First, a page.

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I have to solve this exercise I will describe but I am facing some problems.

$$\int\int_\tau(x+y)\;dx\;dy$$ where $$(x-2)^2 + y^2 \leq 4$$ and $$y\geq0$$

So I am trying to find this integration inside half of a circle.

$\theta$ is from 0 to $\pi/2$ and $r\leq 4 \cos \theta$

$$\int_0^{\pi/2}\int_{4\cos\theta}^0r^2(\cos \theta+\sin\theta)\;dr\;d\theta$$

Something is wrong with the plane of integration cause I am getting wierd results.

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You appear to have inverted the limits on the inner integral. – Brian M. Scott May 10 '12 at 19:19
@BrianM.Scott Yes. I did that because for $\theta=0 r=4$ and for $\theta=\pi/2 r=0$. So you say that the limits are correct but the second one is inverted? – pikapaki May 10 '12 at 19:25
For any fixed value of $\theta$, the inner end of the slice through the area is at $r=0$, and the outer end is at $r=4\cos\theta$, so $r$ ranges from a low of $0$ to a high of $4\cos\theta$. – Brian M. Scott May 10 '12 at 19:32
I may be missing something completely, but I get the integral $\int_{r=0}^2 \int_{\theta=-\pi}^{\pi} (2+r \cos \theta + r \sin \theta) r \; dr d\theta$? – copper.hat May 10 '12 at 19:43
@BrianM.Scott can you please show what you mean with a graph? Also you may want to turn your comments into an answer in order to accept it. Thanks again. – pikapaki May 10 '12 at 19:44
up vote 1 down vote accepted

Okay, here's a (fairly crude) picture:

enter image description here

It shows a ray from the origin at an angle $\theta$ from the positive $x$-axis. When you calculate the inner integral, intuitively speaking you're 'adding up' the values of the function $x+y$ along that ray, so you want $r$ to range from the smallest radius along that ray to the largest one. The smallest one is at $O$, the origin, and is $0$; the largest is at $P$, where the ray intersects the circle $r=4\cos\theta$, and is $4\cos\theta$. Thus, you should have $$\int_0^{\pi/2}\int_0^{4\cos\theta}r^2(\cos\theta+\sin\theta)\,drd\theta\;.$$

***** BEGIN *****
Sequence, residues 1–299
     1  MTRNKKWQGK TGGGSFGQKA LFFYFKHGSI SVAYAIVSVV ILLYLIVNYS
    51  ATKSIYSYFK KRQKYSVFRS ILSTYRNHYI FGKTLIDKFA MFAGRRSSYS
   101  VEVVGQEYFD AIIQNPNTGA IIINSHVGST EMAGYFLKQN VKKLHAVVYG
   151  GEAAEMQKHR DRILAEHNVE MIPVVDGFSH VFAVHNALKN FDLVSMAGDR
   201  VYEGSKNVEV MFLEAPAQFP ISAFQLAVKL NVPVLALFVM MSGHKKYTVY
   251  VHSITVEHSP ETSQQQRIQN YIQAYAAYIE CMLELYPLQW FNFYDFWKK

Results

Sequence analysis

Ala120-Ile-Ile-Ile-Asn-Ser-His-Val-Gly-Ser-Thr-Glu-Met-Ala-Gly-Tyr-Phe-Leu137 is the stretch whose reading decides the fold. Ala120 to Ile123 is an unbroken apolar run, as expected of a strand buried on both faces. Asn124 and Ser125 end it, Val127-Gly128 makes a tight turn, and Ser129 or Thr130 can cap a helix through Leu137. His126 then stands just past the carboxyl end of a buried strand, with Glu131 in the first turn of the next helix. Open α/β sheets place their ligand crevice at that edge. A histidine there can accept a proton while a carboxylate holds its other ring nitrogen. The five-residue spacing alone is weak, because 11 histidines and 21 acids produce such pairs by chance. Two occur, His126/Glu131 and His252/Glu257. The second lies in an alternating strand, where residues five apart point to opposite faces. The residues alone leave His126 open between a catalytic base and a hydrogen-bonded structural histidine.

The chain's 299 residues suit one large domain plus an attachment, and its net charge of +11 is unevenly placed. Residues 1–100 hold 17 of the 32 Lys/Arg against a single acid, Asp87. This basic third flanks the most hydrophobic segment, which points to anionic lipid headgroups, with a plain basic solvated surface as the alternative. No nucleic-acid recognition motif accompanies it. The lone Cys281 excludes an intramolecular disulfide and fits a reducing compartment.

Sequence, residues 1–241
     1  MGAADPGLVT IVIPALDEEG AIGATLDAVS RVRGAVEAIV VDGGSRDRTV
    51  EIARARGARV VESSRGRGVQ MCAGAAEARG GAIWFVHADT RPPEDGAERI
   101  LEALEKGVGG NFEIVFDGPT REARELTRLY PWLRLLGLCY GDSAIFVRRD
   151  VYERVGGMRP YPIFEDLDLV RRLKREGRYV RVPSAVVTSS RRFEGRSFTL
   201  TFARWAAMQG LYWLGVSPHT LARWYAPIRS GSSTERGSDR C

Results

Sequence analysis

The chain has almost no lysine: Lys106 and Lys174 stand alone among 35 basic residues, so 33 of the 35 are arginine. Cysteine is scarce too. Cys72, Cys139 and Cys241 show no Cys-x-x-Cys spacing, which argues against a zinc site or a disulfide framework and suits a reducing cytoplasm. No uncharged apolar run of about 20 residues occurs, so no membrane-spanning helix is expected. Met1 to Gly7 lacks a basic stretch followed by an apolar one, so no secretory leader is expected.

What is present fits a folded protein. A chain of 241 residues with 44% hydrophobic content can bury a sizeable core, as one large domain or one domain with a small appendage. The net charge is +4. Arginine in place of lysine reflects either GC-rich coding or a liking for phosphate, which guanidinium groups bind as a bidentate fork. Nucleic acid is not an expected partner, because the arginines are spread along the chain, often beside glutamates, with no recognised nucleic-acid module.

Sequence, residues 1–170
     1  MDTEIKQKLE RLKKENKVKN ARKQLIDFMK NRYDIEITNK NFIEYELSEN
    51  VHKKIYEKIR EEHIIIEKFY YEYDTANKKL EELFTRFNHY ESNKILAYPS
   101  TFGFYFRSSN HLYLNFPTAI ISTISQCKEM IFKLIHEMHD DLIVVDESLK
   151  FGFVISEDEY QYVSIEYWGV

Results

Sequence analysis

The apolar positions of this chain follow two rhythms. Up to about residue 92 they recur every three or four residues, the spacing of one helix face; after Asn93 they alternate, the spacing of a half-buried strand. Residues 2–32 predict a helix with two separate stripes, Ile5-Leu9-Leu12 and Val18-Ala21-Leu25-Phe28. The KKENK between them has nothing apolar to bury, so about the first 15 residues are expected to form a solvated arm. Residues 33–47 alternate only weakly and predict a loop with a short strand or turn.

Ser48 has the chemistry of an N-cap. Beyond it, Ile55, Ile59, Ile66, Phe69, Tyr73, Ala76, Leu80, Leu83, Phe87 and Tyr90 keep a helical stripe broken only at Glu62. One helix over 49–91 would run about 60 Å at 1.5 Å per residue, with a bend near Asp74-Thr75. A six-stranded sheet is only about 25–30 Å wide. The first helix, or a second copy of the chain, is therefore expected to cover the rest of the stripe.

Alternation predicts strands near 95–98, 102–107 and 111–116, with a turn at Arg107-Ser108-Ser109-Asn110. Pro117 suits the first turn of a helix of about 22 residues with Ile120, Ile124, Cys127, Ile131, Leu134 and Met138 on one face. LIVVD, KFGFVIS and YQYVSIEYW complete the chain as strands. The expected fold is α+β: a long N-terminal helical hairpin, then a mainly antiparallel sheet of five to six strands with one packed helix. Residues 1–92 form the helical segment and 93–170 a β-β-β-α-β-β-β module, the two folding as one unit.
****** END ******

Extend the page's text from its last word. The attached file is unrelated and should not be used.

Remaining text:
What you did with the inner integral is like trying to find the area under the curve $y=x^2$ between $x=0$ and $x=1$ by calculating $$\int_1^0 x^2\,dx\;.$$

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Thanks a lot for this. That ray thing helped a lot. – pikapaki May 10 '12 at 20:25
+1 I deleted my answer because it was equivalent and yours is better explained. – Américo Tavares May 10 '12 at 21:02

Let $\phi(r,\theta) = (2+r\cos\theta, r\sin\theta)$, then $|J_{\phi}(r,\theta)| = |r|$, and $\phi([0,2],[0,\pi]) = \tau$. Use the change of variables formula to get $$\int_{\tau} f = \int_{\phi^{-1}(\tau)} f \circ \phi |J_{\phi}|.$$ From this you get $$\int_{\tau} x+y \; dx dy = \int_{r=0}^2 \int_{\theta=0}^{\pi} (2+r\cos\theta + r\sin\theta)r \; d\theta dr$$ There is a minor technicality with $\phi$ not being invertible at $r=0$ (ie, $(x,y) = (2,0)$), but this is easy to deal with (the measure of $\{(2,0)\}$ is zero, so we may integrate over $\tau \setminus \{(2,0)\}$ instead; then $\phi$ is invertible at all points of interest).

Here's my crude picture: enter image description here

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Interesting. I wanted to do something like that or just translate the circle to the 0,0. – pikapaki May 10 '12 at 21:36
Same thing, basically. Generally, exploiting symmetry is a good thing. In this case, the resulting integral is much simpler to evaluate. – copper.hat May 10 '12 at 21:37

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